Rebecca and Brian hand washing a rug in India with wooden paddles. Washing a rug after weaving softens the wool and impacts how the piece will look. This rug was given an enzyme wash, which stripped the wool down to the foundation and left the silk design raised in relief.
At Kush we hear this question pretty often, and we can relate! We all want to do whatever we can to protect our investments and ensure the longevity of our most prized possessions. We have families, we have animals, we have Oregon rain and mud. So is it worth it to add a synthetic barrier to a good, hand-made rug? Here's what Renaissance had to say:
Kush: "I want to protect my rug from stains. Should I use a stain guard?"
Randy: "Let's talk about what these don’t do. They don’t stop rugs from getting dirty, and they don’t stop rugs from getting stained or damaged- particularly from things like pet urine.
Kush: "Well then, what do they do?"
Randy: "Stain guards are not a substitute for regular cleaning and vacuuming, they work in conjunction. Products like Teflon, Scotch Guard, and Fiber Seal DO work to keep soils from penetrating rug fibers. But left untreated and left long enough on a rug, soil and spills can and will stain. Ultimately it’s a personal choice, but I don’t use them on my own rugs, and I have kids and pets! The key to keeping rugs looking good is maintenance-- knowing how to safely spot clean, vacuuming, and timely washing."
More on rug maintenance is coming your way. Check back here for Rug Lesson #3 soon!
For all of your rug cleaning, repair needs, & appraisals, Kush recommends Renaissance Rug Cleaning Inc.
Beautiful modern rug design, Kipple in Ivory Rust. We love to see where our rugs live!
As certified rug nerds, we love new shipments, especially when they are filled with stunning rug after stunning rug. We have been waiting a long time to get these beauties and we are excited to share them with you!
Visit our new shipment page to get more details on each beautiful piece.
Interior design by Jason Ball of JBI Interiors.
Nu-Tribal rug in blue/grey.
Vintage over dyed patchwork from Turkey.
Photography by: John Valls
Oversize Bidjar carpet from our classic collection, paired with diy book lamp.
Rejuvenation + Kush = one good looking installation.
Kush is pleased to announce we are partnering with one of the most revered lighting, furniture, and home showrooms in Portland. Perhaps you have heard of a little store by the name of Rejuvenation? Kush rugs are currently being feature in several of their showroom vignettes.
Summertime and the living is "Kush."
Sunday I took a Sahar and a Khamseh on a field trip outside to be photographed in front of the gallery. The sun was brilliant and the vegetal dyes shimmered in the afternoon light.
Many people inquire about the attributes of dyes utilized in Oriental carpets. We carefully choose pieces with color fast vegetal or highly quality Swiss chrome dyes that will hold up to use and sunlight. Of course any textile exposed to a great deal of sun will fade, but the curvature should be a natural evolution not a drastic shift.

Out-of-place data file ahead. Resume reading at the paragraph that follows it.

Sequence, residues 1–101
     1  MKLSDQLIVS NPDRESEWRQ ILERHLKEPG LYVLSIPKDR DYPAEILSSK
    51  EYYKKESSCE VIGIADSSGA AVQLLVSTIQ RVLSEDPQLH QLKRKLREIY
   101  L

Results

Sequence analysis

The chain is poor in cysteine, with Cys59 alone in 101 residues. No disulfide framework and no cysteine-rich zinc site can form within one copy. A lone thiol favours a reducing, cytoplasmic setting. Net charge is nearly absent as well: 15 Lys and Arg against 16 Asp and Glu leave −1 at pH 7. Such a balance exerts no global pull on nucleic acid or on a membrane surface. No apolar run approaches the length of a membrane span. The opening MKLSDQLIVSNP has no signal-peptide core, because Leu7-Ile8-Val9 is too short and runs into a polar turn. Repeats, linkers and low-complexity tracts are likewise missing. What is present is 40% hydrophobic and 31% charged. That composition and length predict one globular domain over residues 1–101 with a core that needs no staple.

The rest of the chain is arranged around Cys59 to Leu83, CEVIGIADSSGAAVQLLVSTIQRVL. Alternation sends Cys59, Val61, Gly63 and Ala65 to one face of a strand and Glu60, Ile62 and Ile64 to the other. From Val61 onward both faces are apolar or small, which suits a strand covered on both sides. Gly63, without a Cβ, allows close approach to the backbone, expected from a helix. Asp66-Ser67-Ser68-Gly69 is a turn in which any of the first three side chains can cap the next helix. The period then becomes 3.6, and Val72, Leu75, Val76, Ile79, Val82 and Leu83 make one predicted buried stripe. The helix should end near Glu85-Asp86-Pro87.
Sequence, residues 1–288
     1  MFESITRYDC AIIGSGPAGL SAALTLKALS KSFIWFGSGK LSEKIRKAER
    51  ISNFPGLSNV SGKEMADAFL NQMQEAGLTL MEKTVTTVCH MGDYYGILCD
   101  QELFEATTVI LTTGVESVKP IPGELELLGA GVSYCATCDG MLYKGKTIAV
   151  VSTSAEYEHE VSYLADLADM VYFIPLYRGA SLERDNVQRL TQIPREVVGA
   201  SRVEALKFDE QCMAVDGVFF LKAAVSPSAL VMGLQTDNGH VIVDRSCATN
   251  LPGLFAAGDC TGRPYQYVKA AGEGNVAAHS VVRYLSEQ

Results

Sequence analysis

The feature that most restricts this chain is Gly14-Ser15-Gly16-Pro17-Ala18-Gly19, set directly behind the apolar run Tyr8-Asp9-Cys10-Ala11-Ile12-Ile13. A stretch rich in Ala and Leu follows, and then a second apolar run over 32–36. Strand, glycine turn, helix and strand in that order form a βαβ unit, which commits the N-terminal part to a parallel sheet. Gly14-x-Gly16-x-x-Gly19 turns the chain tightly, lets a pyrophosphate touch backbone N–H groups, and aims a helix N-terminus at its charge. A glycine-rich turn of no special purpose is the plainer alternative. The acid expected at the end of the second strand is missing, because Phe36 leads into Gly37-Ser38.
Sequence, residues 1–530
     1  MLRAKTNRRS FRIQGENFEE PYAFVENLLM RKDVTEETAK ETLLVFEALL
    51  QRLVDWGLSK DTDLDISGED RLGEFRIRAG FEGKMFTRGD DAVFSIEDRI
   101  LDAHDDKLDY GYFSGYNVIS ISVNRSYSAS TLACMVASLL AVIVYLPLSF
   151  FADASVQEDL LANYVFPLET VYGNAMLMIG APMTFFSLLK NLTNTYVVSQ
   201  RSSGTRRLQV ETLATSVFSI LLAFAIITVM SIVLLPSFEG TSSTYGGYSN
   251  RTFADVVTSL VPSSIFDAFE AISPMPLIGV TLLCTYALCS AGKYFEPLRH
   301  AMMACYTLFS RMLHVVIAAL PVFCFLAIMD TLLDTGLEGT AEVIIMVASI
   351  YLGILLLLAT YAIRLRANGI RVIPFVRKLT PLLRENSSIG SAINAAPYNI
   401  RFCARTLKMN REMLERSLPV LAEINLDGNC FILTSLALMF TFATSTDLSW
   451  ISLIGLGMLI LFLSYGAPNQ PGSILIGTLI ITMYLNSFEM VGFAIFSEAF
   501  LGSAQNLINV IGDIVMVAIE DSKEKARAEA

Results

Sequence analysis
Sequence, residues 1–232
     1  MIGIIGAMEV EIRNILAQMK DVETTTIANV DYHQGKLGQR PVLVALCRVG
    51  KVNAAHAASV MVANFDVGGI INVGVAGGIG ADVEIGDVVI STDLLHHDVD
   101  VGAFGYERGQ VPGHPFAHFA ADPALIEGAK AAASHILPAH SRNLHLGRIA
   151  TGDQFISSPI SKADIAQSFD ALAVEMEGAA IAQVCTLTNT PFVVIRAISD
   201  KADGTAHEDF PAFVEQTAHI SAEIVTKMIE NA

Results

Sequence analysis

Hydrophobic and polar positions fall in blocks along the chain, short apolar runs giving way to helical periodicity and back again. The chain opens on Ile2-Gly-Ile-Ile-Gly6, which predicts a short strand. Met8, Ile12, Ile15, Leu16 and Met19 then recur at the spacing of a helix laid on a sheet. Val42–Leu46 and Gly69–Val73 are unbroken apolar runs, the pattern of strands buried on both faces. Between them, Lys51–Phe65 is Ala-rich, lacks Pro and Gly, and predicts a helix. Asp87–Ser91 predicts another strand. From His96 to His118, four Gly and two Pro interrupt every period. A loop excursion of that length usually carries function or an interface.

Poor quality rugs are made with Aniline dyes as a way to cut costs and these pieces are susceptible to color run and extreme fading. Some rug insiders refer to low quality dyes as "fugitive dyes" which conjures up an image of dyes on the run, literally.
Pedestrians strolling by enjoyed the rug show and a chance to view carpets in a somewhat unusual environment. It is always a pleasure to field an unexpected question and to engage those that would not normally walk into Kush gallery. I often find that people are curious about rugs, but sometimes are intimidated by their unfamiliarity with the art form.
Each journey begins with many questions. Fine rugs are a broad and diverse medium with many nuances that even rug scholars disagree on amongst themselves. I learn more about rugs every day and in the end I buy for the gallery and myself with the same tool, my heart.
Kush was very excited to be included in Portland Fashion Week. Our rugs added a bit of "kush" to the VIP lounge, fitting right in with the eco-sustainable theme of the show.
Rich, chocalate toned furniture paired with a Kush Oushak from Afghanistan. Good enough to eat, or at least have a cocktail on...
One of our Tibetan rugs provided the back drop for an impromptu fashion shoot.
Rugs on the wall how terribly chic. Hope everyone had as much fun at the show as we did!
No, this post does not concern a long lost episode of the X-files. Rather it is the immediate gut level attraction Rebecca and I both felt for this beautiful Persian Kashkuli. The tree of life design rises up in contrast to the ivory wool. A delightful feast of color to fend off Portland's often grey sky.